Your email address will be used for Wildy’s marketing materials only. We will never give your email address to any third party.
Special Discounts for Newly Called & Students
Browse Secondhand Online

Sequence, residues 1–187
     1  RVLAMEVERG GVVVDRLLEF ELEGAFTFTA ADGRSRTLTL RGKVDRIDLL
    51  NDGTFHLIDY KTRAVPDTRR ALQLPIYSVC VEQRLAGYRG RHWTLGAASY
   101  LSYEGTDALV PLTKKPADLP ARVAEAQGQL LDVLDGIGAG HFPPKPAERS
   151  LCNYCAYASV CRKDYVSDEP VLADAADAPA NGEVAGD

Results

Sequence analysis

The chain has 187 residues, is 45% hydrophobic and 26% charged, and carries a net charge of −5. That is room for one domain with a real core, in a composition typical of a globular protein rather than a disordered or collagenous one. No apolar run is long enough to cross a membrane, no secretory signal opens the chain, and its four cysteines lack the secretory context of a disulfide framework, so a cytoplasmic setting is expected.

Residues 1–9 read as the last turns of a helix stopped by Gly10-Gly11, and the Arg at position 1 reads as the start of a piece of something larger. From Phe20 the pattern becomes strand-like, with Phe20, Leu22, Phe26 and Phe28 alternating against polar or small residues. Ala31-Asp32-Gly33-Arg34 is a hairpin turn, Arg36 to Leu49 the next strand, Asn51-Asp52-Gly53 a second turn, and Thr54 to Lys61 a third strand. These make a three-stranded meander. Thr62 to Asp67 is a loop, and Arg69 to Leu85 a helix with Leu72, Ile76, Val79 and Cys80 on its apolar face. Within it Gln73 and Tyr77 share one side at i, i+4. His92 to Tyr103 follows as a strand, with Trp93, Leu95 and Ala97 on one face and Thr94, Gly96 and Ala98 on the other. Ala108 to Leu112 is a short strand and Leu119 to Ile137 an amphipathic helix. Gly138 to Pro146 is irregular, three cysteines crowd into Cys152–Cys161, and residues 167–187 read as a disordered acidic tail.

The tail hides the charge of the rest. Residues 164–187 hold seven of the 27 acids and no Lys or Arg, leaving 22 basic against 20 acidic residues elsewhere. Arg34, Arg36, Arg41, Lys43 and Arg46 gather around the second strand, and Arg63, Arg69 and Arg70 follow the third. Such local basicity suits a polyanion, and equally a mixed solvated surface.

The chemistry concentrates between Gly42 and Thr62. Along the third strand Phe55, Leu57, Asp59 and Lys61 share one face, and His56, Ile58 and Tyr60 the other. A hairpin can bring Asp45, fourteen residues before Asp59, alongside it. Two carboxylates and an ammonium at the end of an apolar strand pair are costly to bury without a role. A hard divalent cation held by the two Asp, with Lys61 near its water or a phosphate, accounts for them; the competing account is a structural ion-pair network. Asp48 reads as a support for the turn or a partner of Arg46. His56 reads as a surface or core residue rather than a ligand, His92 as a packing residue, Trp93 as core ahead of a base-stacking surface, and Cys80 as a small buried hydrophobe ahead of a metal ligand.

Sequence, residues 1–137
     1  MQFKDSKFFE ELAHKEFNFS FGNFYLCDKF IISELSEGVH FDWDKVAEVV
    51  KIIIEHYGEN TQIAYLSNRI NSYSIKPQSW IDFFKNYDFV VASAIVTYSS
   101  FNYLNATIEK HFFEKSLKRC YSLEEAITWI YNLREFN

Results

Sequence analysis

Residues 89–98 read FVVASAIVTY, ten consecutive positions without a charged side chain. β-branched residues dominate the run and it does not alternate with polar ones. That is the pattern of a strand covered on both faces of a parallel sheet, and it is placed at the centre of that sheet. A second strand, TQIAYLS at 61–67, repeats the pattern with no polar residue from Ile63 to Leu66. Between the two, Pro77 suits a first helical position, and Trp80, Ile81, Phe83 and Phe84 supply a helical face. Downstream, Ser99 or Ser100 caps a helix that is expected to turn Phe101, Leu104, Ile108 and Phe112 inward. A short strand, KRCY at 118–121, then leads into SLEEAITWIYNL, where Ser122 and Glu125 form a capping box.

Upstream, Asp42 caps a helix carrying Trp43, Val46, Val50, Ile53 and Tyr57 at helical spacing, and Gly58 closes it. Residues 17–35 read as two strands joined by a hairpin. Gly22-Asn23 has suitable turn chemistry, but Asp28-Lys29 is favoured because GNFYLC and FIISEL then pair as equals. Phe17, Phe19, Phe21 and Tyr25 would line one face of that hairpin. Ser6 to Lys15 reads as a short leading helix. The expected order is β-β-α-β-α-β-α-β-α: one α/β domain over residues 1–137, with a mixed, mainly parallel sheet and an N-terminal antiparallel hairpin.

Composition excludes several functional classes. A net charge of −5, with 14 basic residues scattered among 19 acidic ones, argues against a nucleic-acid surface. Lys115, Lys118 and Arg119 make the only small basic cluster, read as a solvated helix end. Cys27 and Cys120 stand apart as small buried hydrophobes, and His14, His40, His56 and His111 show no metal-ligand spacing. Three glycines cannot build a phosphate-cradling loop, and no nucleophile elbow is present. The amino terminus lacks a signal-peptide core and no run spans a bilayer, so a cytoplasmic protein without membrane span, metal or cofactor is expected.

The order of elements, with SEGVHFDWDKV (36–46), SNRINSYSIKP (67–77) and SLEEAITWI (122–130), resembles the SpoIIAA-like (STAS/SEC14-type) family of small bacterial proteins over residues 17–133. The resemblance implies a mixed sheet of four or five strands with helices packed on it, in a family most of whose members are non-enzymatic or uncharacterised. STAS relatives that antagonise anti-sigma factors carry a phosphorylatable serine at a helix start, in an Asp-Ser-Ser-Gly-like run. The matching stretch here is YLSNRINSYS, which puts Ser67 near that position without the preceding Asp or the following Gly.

The Mishnah is a book of legal rules produced by Jewish sages in second-century Palestine and is to a great extent still binding upon Orthodox Jews. In this pioneering work, Judith Wegner scrutinizes the mishnaic laws governing women, in an attempt to determine the image and status of women in the patriarchy the Mishnah portrays. She focuses on a specific question: did the Mishnah's creators regard women as persons, entities possessing legal rights, powers, and duties, or mere chattels, the property of some person or other? Considering a wide range of issues including women's ability to give legal testimony and enter into religious vows, the penalties for rape and seduction and the rules pertaining to betrothal, marriage, and divorce, Wegner discovers a curious paradox. In some circumstances the Mishnah clearly regards women as full legal persons, with the same rights and responsibilities as the adult Israelite male. At other times, however, the system treats women as virtual chattels of the men who control their lives. Through close analysis of individual cases, Wegner isolates the factors that generate differences in the treatment of women.;She finds that these differences hinge on whether a woman is legally independent, or subject to some man's jurisdiction. The crucial point, she demonstrates, is the locus of ownership of the woman's sexual and reproductive function. Whoever owns a woman's sexuality exercises a degree of control over that function - and hence over the woman in question - that greatly resembles an owner's control of a chattel. For this reason the personhood of minor daughters, wives, and certain widows is circumscribed, whereas ""emancipated"" women such as adult daughters, divorcees, and most widows are virtually autonomous. Going beyond any previous study of the status of women in Jewish law, Chattel or Person? sheds new light on the almost indelible marks left by archaic socio-legal systems on attitudes toward women in modern western cultures. By enlarging our understanding of women in antiquity, it serves not only to illuminate the workings of one particular ancient system, but also to highlight some of the problems facing feminism in our time.